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Creating Raving Fans

As originally appeared in the December 2019 issue of Canadian AutoJournal.

Five key factors of a positive customer experience.

By: Jeff Schulz, EVP, Marketing

Customer expectations are at an all-time high when it comes to immediate access to information and personalization. Consumers are comparing the car-buying experience with other purchase experiences through companies like Amazon, eBay and Best Buy. With this in mind, it’s important to position your business for success and create the best possible experience for your customers.

A study by Google and Luth Research references 900 digital touch points that consumers interact with in their car-buying journey. Your customers are reaching most of these touch points before entering your dealership, and they have a significant influence on their experience.

A positive customer experience can be broken down into five key factors: accessible information, personalization, integration and interactivity, a smooth transition, and follow-up.

1. Accessible consumer-friendly information

With 78% of car shoppers visiting a dealership’s website prior to visiting in person (Jumpstart Automotive Media), it’s clear that dealers need to meet their customers where they’re looking for information. Not only should online inventory be up to date to serve as a digital showroom, it should also include details on available protection products with informative and engaging content.

2. Personalization

Personalization goes way beyond the in-store process around information gleaned from one conversation. If customers are providing information about their needs online, consider how to use it to create a personalized experience both online and in-store. If you can capture customer information for your sales person to reference when the customer enters the dealership, you’ll create a personalized, seamless experience. One of the simplest ways to do this is to allow the customer to save the choices they make online, and email or print them out for later reference.

A personalized experience is key for customer satisfaction, but it also has many benefits for your business. In fact, leaders in personalization have found proven ways to drive 5-15% increases in revenue and 10-30% increases in marketing-spend efficiency, with product recommendations considered a significant contributor to that (McKinsey, 2019).

3. Tool integration and interactivity

Many tools on the market can be beneficial for your business. From online retailing solutions, to build and price tools—there’s no shortage of ways to optimize your customers’ experience.

Build and price configurators are gaining traction for vehicle research. If a customer takes the time to build and price a vehicle, it’s critical that this information is captured for a smooth transition into the dealership. Build and price tools are an engaging activity that allows the customer to balance their needs with their budget and can also introduce them to protection products.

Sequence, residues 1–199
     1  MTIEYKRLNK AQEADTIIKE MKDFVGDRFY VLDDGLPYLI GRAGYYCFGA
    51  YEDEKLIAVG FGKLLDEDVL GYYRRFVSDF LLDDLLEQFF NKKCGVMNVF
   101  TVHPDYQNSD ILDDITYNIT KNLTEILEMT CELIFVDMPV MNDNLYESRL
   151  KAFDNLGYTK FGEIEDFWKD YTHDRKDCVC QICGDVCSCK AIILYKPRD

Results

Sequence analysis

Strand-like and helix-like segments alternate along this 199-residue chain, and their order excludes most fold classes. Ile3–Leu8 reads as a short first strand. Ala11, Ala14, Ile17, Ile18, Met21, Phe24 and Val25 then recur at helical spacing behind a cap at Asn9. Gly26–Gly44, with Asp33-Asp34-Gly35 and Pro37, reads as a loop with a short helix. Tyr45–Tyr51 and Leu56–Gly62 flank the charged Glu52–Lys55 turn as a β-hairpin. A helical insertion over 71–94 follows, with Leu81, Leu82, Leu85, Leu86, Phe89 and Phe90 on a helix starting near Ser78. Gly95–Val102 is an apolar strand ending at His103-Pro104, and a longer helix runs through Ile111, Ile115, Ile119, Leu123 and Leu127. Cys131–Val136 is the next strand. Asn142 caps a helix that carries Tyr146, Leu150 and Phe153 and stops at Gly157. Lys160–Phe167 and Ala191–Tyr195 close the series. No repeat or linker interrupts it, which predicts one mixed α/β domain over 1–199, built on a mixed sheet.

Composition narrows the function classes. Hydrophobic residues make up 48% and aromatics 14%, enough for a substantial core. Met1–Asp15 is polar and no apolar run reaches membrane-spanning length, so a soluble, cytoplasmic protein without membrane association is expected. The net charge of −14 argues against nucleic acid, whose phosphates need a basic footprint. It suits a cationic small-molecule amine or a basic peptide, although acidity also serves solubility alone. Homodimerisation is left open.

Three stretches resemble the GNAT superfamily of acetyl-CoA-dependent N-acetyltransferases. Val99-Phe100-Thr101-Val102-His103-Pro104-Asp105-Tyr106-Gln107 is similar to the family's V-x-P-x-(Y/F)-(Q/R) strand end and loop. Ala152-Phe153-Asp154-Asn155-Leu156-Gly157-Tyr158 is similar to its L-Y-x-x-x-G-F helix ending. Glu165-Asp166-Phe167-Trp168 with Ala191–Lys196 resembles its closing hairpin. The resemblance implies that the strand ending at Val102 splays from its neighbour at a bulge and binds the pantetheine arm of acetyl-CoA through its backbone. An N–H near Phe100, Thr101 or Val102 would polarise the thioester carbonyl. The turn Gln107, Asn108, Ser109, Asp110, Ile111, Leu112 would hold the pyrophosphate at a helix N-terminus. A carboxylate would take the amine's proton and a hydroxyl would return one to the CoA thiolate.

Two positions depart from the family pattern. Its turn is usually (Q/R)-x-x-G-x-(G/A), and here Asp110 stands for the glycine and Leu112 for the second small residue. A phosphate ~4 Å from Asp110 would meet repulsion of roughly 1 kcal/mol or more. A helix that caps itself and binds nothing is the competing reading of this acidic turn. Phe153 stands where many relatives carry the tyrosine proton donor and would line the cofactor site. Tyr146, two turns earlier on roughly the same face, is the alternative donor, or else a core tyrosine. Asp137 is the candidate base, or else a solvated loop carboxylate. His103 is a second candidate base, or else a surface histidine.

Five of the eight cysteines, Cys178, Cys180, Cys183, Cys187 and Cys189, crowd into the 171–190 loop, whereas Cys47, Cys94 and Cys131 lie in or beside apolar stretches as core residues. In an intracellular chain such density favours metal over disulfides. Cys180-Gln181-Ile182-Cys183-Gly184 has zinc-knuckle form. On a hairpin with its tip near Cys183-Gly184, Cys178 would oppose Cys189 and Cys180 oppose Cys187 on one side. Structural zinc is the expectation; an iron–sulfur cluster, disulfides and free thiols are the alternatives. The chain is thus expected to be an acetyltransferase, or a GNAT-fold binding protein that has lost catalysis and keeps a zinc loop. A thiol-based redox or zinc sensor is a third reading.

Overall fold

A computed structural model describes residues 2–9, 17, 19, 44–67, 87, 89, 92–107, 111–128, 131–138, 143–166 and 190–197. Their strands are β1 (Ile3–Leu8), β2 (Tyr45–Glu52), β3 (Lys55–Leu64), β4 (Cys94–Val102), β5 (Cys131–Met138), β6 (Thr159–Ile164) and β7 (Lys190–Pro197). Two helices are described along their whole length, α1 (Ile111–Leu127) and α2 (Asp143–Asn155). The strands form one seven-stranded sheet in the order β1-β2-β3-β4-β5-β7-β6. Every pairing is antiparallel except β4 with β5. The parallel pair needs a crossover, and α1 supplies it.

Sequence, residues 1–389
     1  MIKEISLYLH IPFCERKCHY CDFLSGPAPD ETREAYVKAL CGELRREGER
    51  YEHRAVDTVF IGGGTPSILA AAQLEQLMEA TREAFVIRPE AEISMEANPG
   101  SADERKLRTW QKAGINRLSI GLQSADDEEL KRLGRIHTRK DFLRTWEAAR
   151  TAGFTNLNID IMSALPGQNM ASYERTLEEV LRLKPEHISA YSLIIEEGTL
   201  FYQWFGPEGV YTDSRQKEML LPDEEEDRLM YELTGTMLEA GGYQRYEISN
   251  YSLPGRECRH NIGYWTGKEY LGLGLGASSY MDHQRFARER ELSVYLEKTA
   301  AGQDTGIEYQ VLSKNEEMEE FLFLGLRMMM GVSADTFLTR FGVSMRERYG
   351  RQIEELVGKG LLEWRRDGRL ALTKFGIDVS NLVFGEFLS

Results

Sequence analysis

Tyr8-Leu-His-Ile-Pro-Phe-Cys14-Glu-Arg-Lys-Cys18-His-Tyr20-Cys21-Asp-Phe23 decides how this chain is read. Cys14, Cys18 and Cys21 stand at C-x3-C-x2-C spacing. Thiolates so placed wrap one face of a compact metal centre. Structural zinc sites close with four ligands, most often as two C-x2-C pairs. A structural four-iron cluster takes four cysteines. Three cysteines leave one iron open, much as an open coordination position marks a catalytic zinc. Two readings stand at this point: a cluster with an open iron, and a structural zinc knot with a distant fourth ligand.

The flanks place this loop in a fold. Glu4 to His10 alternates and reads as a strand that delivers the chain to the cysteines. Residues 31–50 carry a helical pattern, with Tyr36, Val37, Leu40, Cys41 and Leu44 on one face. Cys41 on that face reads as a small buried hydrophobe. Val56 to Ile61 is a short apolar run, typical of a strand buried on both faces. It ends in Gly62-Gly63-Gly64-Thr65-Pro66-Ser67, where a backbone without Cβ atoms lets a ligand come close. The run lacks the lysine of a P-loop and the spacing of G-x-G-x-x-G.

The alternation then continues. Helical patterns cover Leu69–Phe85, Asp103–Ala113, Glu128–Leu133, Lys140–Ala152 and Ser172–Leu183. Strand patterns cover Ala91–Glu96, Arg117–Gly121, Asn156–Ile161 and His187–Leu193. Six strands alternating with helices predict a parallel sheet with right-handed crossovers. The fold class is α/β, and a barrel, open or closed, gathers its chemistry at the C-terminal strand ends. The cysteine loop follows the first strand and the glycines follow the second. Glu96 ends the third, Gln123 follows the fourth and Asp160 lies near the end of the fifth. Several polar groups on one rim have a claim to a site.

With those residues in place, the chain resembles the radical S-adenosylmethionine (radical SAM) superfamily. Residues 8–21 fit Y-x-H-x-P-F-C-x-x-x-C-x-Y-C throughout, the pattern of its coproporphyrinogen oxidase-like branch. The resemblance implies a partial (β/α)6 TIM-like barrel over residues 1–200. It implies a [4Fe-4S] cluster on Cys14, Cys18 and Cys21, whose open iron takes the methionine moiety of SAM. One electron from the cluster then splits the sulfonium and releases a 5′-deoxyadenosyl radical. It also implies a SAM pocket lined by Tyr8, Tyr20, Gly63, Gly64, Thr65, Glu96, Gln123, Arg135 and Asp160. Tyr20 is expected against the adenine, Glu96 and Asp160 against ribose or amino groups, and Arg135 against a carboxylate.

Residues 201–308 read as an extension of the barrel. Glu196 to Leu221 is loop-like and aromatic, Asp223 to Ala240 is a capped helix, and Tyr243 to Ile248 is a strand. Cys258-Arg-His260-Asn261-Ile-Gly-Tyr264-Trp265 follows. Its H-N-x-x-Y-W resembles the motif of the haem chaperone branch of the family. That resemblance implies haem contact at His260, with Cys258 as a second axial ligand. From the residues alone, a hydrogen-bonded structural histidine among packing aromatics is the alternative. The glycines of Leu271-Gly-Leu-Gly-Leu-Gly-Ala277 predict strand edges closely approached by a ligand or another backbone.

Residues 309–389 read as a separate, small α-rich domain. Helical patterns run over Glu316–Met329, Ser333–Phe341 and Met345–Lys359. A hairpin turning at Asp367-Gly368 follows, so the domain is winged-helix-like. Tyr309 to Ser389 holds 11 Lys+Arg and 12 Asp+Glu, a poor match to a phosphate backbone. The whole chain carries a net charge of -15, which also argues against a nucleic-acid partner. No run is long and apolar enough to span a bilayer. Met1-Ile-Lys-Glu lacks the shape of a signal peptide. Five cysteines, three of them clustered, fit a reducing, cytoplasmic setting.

Asking them questions—and capturing their answers—is a good way to create engagement and personalization. For example, asking how long they plan to keep their vehicle or how many kilometres they normally drive in a year will help you better understand your customer when they enter your dealership.

4. A smooth transition from online to offline

Many major retailers have demonstrated the importance of a smooth transition between online and offline. For example, you can buy or reserve clothing, groceries or electronics online and pick them up with ease at a retail location if you opt-out of home delivery. The automotive industry should be providing an equal or better experience to meet today’s consumers’ needs.

According to a 2018 study by Jumpstart Automotive Media, 84% of car shoppers do online research. With this in mind, consider how you can bridge the online and in-store experience. We’ve all experienced the frustration of repeating our story to every person we talk to when dealing with customer service. Cater to your customers and value their time by ensuring the work they’ve done online beforehand is carried through to the dealership experience.

5. Follow up

You likely capture the customer data of those who already bought a car from you to follow up with service appointments, lease renewals, winter tires, and promotions—but what about the customers that visit your website, build and price a car and then leave? By prompting the customer to provide their email to capture the information they’ve shared, you give yourself the opportunity to follow up with that customer and bring them to your store. It also ensures a smooth transition between the online and offline experience. It’s critical to offer assistance, but not to pester them with continual follow-up.

Identify suppliers that are able to provide expert support and guidance, and work with them to help you build a seamless customer experience. Keep in mind that every department in a dealership has an impact on the customer experience, so it’s critical that you use a similar, thoughtful approach to managing the customer throughout your dealership.

Long story short, think of the best experiences you’ve had with other retailers. Ask yourself what you liked about it and then find ways to apply it to your dealership. Similarly, think of poor experiences you’ve had and make sure you learn from other’s mistakes. Use these tips to create an end-to-end experience your customers will rave about—they’ll tell their friends!